Mango TV Loses Eurovision Rights Over Censorship

The European Broadcasting Union has terminated its contract with Chinese broadcaster Mango TV, banning the online streaming platform from airing Saturday’s Eurovision music contest final after it censored elements from an earlier semi-final performance. Stills from the broadcast showing the edits can be viewed via CDT Chinese. Anna Codrea-Rado at The New York Times reports:

The singer Ryan O’Shaughnessy, representing Ireland, sang a sentimental breakup ballad, “Together,” which featured two male performers dancing and holding hands. This section of the competition did not feature in the broadcast in China.

The state-funded news outlet Global Times said that the Chinese broadcaster also blurred images of the rainbow flag, an L.G.B.T. symbol, waved in the audience during Switzerland’s performance. The BBC News website showed a still from the broadcast in which the flag had been obscured.

[…] In a statement, the E.B.U. said that Mango ’s actions were “not in line with the E.B.U.’s values of universality and inclusivity and our proud tradition of celebrating diversity through music.” [Source]

This act is the latest in a series of moves by authorities to push back against the growing visibility of LGBT groups in the media. Regulations introduced in 2016 banned all “abnormal sexual relationships or behaviour” from appearing on air. Mango TV also obscured details from the performance of Albania’s contestant, which featured performers with tattoos. Tattoos have been banned from broadcast television since January.  In April, popular social media site Sina Weibo also imposed a ban on gay-themed content as a part of a broader “clean-up” drive. The ban was subsequently lifted after an outpouring of criticism from LGBT activists and supporters. Gay dating apps Zank and Rela were shut down by authorities in 2017.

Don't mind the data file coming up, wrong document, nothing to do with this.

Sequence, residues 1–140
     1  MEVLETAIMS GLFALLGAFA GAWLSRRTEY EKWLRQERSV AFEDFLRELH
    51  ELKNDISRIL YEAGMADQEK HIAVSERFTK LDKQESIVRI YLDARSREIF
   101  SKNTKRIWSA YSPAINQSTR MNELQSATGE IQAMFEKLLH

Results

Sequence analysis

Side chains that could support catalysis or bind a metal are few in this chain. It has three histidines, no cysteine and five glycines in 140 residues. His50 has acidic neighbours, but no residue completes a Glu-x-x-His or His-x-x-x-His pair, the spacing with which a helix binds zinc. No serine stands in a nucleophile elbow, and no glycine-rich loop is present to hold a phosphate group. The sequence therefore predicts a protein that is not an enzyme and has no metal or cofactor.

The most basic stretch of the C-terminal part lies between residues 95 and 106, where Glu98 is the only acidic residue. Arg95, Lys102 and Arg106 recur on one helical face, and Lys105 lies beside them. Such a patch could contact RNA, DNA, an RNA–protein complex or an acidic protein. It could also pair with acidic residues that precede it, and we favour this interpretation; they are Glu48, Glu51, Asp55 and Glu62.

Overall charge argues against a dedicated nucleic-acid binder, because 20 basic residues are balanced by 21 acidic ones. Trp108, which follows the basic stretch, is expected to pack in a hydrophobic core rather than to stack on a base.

Quartz’s Isabella Steger has more:

[…] O’Shaughnessy, the Irish entrant, said he welcomed the EBU’s decision. “Love is love, it doesn’t matter whether it’s between two guys, two girls. I think this is a really important decision by the EBU, they haven’t taken this lightly,” he said in an interview.

In 2015, as the competition tried to expand its viewership outside of , it invited Australia to participate and partnered with Mango TV to broadcast Eurovision live in China. A executive had then told ESC Daily, a site dedicated to Eurovision news, that China would be open to the possibility of participating in the contest as Australia did. [Source]

The Guardian’s Lily Kuo looks at Chinese netizen response to the latest Eurovision censorship:

Although Eurovision is not widely popular in China, news of the censorship circulated around social media on Friday. One Weibo user wrote: “Is this really that sensitive? If things keep going this way, soon even rainbows in the sky will have to be blurred out.”

Another wrote: “SARFT is really disgusting,” referring to the country’s entertainment regulator, the State Administration of Radio, Film, and Television. It is unclear whether regulators ordered Hunan TV not to show O’Shaugnessy’s performance or whether the channel made the decision independently. [Source]

While attitudes toward LGBT issues in China are changing, practices such as sexual orientation conversion therapy are still performed by public hospitals and private clinics. A growing movement for lesbian and gay rights in recent years has led an increasing number of activists to turn to the country’s court system to challenge discrimination against the country’s LGBT community.

May 12, 2018, 9:55 PM
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